Cradle Of Filth: The Manticore And Other Horrors

Britain’s baroque metal monsters cut to the quick

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It’s now 20 years since Cradle Of Filth started making waves in the UK underground with their opening brace of demos, and they have remained a reassuring presence almost every year since. As much-loved as they are much-maligned, forever swapping labels and lineups, this remarkable phenomenon remains unbowed and unbroken on its 10th album, sole owners of a sound that ranges freely across multiple vocal and musical styles but always bursts with intrinsic Filthiness.

This singularity, the self-deprecating wit, the momentous workrate and the immersion in a unique sordid fantasy universe serve to armour-plate this divisive metal behemoth, who have long since earned respect for doing things their own way, whatever missteps and pratfalls may have occurred in the process.

There’s always been an appealing struggle at the heart of this band between the elegant and the bestial, and seldom has that been more concisely documented than on The Manticore. Concise isn’t a word one associates with Cradle Of Filth, but this is their shortest long-player to date – 11 songs, none over six minutes – and it benefits from the brevity. There’s a sense of momentum and focus about each tune, it feels leaner, more direct and immediate than anything they’ve released since Midian.

The recurring motif of spiky hardcore riffs and d-beats is well signposted by salacious, bruising advance cut For Your Vulgar Delectation, and colours the record as unusually urgent and spunky, stripped to the basics but with enough restlessness and versatility to keep things interesting.

The stately title track throws in snake-charmer flutes and sitars to evoke its Middle Eastern theme, but does so with (gasp!) taste and discretion, as sounds are glimpsed discreetly between the song’s shifting gears. Pallid Reflection is all solemn, melodic heavy metal majesty, from the Angel Witchy intro through rugged Paradise Lost-ish guitar lines to the operatic warbling that begins just as the song starts to fade – as if confirming the album’s concerted scarcity of female vocals (although the duetting in Succumb To This is particularly effective).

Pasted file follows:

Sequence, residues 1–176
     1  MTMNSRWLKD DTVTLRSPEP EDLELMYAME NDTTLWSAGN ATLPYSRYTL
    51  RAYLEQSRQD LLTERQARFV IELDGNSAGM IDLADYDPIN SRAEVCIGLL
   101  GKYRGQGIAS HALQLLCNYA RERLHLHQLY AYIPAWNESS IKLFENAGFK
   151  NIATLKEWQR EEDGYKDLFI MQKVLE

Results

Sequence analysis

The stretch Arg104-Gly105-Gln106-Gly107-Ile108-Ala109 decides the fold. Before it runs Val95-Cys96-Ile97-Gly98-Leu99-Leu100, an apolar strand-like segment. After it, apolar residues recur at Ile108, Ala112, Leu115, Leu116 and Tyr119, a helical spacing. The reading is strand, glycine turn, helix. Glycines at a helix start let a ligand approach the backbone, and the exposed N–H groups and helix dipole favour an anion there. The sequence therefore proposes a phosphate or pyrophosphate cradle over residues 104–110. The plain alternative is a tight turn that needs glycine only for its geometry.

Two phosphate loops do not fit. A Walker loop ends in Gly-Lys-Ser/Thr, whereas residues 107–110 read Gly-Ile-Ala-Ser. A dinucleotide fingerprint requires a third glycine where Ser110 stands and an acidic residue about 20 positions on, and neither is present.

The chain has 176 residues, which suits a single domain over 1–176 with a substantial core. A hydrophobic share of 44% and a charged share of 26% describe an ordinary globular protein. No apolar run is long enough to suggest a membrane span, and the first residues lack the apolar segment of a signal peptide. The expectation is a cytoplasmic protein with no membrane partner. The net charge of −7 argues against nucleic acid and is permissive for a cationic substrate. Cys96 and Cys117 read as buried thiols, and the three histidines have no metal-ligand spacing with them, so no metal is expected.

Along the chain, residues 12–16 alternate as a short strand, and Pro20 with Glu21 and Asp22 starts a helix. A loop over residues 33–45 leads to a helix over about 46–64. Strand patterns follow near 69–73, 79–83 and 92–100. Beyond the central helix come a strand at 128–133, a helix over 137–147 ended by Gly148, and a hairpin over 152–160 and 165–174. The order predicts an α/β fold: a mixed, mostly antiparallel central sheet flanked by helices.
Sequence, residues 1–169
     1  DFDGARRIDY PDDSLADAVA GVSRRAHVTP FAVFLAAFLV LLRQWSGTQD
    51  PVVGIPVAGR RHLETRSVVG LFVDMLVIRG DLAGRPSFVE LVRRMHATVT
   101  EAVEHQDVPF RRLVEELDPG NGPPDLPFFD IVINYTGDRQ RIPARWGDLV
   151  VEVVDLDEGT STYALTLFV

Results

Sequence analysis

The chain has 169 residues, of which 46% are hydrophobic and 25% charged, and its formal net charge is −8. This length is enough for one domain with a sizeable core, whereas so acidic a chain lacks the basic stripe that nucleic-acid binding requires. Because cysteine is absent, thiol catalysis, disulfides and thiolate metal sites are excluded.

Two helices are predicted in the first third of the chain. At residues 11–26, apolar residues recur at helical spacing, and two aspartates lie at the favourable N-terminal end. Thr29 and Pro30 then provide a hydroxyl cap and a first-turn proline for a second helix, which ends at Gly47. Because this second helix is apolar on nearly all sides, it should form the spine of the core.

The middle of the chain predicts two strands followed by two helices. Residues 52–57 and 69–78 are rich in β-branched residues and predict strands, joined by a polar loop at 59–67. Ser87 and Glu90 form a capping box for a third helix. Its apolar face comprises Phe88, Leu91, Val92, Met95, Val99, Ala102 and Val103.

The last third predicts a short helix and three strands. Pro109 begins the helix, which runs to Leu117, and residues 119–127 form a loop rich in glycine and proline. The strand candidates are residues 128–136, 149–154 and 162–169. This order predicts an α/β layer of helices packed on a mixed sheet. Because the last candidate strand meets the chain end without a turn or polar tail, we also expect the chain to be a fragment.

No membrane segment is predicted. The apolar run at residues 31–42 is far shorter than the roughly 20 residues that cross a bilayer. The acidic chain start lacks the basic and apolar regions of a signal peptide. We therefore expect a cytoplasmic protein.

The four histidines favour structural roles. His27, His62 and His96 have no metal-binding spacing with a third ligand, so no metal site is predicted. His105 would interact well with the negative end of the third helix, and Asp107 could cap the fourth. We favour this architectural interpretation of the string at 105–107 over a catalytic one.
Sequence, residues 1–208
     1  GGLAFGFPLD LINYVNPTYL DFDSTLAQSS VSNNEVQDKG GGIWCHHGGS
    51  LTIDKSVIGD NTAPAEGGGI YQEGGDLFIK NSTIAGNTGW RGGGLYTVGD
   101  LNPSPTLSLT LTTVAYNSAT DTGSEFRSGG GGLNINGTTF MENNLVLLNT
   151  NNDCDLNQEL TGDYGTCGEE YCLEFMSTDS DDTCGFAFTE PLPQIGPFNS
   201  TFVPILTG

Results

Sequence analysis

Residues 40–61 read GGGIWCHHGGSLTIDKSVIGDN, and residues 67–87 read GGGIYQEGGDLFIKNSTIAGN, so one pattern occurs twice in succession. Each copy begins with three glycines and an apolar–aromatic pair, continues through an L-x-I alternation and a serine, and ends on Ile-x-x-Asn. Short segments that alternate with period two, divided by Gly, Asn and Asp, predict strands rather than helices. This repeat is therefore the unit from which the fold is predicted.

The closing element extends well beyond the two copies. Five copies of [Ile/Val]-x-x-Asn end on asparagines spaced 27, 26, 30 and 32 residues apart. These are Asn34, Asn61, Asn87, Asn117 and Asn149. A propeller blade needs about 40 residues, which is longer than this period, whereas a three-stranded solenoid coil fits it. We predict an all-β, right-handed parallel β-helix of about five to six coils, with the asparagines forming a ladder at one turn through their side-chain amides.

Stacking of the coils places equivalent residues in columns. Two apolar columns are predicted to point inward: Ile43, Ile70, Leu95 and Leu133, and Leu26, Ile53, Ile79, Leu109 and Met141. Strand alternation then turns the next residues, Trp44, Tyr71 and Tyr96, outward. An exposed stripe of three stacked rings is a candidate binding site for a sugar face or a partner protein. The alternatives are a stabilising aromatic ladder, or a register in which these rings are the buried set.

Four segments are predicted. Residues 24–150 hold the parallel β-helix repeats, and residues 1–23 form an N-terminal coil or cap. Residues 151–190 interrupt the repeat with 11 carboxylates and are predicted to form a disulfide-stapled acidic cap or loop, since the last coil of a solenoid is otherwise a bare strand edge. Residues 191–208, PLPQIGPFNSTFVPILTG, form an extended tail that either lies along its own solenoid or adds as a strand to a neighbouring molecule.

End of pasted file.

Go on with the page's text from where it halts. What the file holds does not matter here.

Siding With The Titans is another classic headbanger, proving how satisfying Cradle sound with a haunted-house piano madly banging away over staccato guitars, the droning string-bend a lovely disorientating touch. These highlights, refreshingly, come in the album’s second half. They’ve done everything they needed to do here; it’s a tight, fiery and lurid fat-free distillation of Cradle’s strengths drawing from a range of flawless influences (still plenty of Sabbat in evidence).

The idea of the album as a bestiary, “a collection of stories on monsters”, is obvious but natural and fun, and far more imaginatively handled than something like Iced Earth’s Horror Show. It offered a chance for a new kind of graphic design that hasn’t been seized, running instead with yet more swishy CGI of shiny girls with wings.

There will always be an air of gauche joie de vivre about Cradle Of Filth guaranteeing disdain from certain quarters, but there’s also a lot of heart, personality and conviction.

Chris Chantler

Chris has been writing about heavy metal since 2000, specialising in true/cult/epic/power/trad/NWOBHM and doom metal at now-defunct extreme music magazine Terrorizer. Since joining the Metal Hammer famileh in 2010 he developed a parallel career in kids' TV, winning a Writer's Guild of Great Britain Award for BBC1 series Little Howard's Big Question as well as writing episodes of Danger Mouse, Horrible Histories, Dennis & Gnasher Unleashed and The Furchester Hotel. His hobbies include drumming (slowly), exploring ancient woodland and watching ancient sitcoms.